© 2014 Feng, Baig, Love and Chelico. The APOBEC3 restriction factors are a family of deoxycytidine deaminases that are able to suppress replication of viruses with a single-stranded DNA intermediate by inducing mutagenesis and functional inactivation of the virus. Of the seven human APOBEC3 enzymes, only APOBEC3-D, -F, -G, and -H appear relevant to restriction of HIV-1 in CD4+ T cells and will be the focus of this review. The restriction of HIV-1 occurs most potently in the absence of HIV-1 Vif that induces polyubiquitination and degradation of APOBEC3 enzymes through the proteasome pathway. To restrict HIV-1, APOBEC3 enzymes must be encapsidated into budding virions. Upon infection of the target cell during reverse transcription of the HIV-1 RNA into (-)DNA, APOBEC3 enzymes deaminate cytosines to form uracils in single-stranded (-)DNA regions. Upon replication of the (-)DNA to (+)DNA, the HIV-1 reverse transcriptase incorporates adenines opposite to the uracils thereby inducing C/G to T/A mutations that can functionally inactivate HIV-1. APOBEC3G is the most studied APOBEC3 enzyme and it is known that Vif attempts to thwart APOBEC3 function not only by inducing its proteasomal degradation but also by several degradation-independent mechanisms, such as inhibiting APOBEC3G virion encapsidation, mRNA translation, and for those APOBEC3G molecules that still become virion encapsidated, Vif can inhibit APOBEC3G mutagenic activity. Although most Vif variants can induce efficient degradation of APOBEC3-D, -F, and -G, there appears to be differential sensitivity to Vif-mediated degradation for APOBEC3H. This review examines APOBEC3-mediated HIV restriction mechanisms, how Vif acts as a substrate receptor for a Cullin5 ubiquitin ligase complex to induce degradation of APOBEC3s, and the determinants and functional consequences of the APOBEC3 and Vif interaction from a biological and biochemical perspective.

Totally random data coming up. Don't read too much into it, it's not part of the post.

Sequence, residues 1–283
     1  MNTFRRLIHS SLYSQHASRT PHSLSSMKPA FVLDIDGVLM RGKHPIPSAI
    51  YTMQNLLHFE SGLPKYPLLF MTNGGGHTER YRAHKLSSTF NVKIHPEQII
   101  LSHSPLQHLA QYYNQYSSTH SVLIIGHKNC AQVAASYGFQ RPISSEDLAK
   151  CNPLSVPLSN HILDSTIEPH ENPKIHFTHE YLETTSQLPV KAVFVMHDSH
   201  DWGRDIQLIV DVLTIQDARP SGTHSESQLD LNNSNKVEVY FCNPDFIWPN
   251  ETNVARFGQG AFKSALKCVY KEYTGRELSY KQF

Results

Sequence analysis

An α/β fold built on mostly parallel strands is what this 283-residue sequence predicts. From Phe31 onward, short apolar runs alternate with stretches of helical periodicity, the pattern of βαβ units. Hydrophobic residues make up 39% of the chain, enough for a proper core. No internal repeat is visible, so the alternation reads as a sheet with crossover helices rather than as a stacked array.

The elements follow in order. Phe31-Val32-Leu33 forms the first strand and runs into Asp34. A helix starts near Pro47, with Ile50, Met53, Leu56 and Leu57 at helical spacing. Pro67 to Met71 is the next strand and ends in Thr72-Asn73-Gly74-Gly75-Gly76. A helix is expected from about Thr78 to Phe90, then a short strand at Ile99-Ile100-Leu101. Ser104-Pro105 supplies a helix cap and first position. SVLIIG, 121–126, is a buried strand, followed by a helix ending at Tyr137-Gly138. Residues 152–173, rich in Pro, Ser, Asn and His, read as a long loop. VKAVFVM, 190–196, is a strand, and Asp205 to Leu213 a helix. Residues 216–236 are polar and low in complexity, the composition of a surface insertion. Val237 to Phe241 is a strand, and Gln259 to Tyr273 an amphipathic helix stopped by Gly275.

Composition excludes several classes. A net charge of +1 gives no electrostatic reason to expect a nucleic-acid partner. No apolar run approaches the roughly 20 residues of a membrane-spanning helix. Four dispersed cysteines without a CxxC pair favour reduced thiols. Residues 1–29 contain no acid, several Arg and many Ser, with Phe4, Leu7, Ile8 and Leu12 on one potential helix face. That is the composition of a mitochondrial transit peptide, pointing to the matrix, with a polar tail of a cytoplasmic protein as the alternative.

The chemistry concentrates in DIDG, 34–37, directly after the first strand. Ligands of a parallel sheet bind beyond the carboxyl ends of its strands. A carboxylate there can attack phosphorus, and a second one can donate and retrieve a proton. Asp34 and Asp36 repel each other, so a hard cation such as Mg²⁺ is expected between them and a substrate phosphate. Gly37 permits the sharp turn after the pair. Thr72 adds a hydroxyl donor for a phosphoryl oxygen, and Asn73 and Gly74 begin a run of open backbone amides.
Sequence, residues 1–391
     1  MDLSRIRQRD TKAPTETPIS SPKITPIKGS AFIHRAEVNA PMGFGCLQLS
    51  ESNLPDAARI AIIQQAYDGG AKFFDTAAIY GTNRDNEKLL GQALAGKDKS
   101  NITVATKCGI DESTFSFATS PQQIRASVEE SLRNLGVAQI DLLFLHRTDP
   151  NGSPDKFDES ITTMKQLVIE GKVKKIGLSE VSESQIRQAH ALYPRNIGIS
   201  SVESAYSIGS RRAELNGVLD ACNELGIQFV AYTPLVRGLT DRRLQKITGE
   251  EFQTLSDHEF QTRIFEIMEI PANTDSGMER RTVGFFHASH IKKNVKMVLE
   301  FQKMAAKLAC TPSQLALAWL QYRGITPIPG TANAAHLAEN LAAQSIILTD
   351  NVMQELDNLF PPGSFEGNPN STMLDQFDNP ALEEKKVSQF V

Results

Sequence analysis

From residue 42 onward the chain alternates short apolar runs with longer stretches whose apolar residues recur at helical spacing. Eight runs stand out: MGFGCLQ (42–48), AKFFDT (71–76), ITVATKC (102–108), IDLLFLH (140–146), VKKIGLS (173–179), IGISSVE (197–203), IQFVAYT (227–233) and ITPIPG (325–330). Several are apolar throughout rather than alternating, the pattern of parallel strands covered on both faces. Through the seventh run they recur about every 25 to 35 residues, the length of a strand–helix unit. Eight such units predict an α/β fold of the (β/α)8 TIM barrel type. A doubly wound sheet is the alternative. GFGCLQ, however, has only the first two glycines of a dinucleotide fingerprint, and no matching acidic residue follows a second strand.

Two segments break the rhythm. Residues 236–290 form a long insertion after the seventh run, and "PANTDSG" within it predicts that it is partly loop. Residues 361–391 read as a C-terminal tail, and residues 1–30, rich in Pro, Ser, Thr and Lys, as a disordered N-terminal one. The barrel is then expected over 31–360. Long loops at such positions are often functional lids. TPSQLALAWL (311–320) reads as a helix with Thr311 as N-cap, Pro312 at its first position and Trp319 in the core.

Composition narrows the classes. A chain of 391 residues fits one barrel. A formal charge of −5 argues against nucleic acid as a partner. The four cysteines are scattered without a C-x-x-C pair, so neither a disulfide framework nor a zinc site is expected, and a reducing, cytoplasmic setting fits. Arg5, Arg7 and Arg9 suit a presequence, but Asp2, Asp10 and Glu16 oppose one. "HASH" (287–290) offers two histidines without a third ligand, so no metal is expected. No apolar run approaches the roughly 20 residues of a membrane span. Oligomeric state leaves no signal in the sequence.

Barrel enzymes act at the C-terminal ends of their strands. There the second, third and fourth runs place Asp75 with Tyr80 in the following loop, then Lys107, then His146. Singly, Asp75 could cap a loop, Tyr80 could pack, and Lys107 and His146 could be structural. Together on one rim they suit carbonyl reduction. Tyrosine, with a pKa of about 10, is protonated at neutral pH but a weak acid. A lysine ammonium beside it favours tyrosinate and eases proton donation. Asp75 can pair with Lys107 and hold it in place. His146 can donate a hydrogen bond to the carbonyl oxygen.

Feng, Y., Baig, T. T., Love, R. P., & Chelico, L. (2014). Suppression of APOBEC3-mediated restriction of HIV-1 by Vif. Frontiers in Microbiology. Frontiers Media S.A. https://doi.org/10.3389/fmicb.2014.00450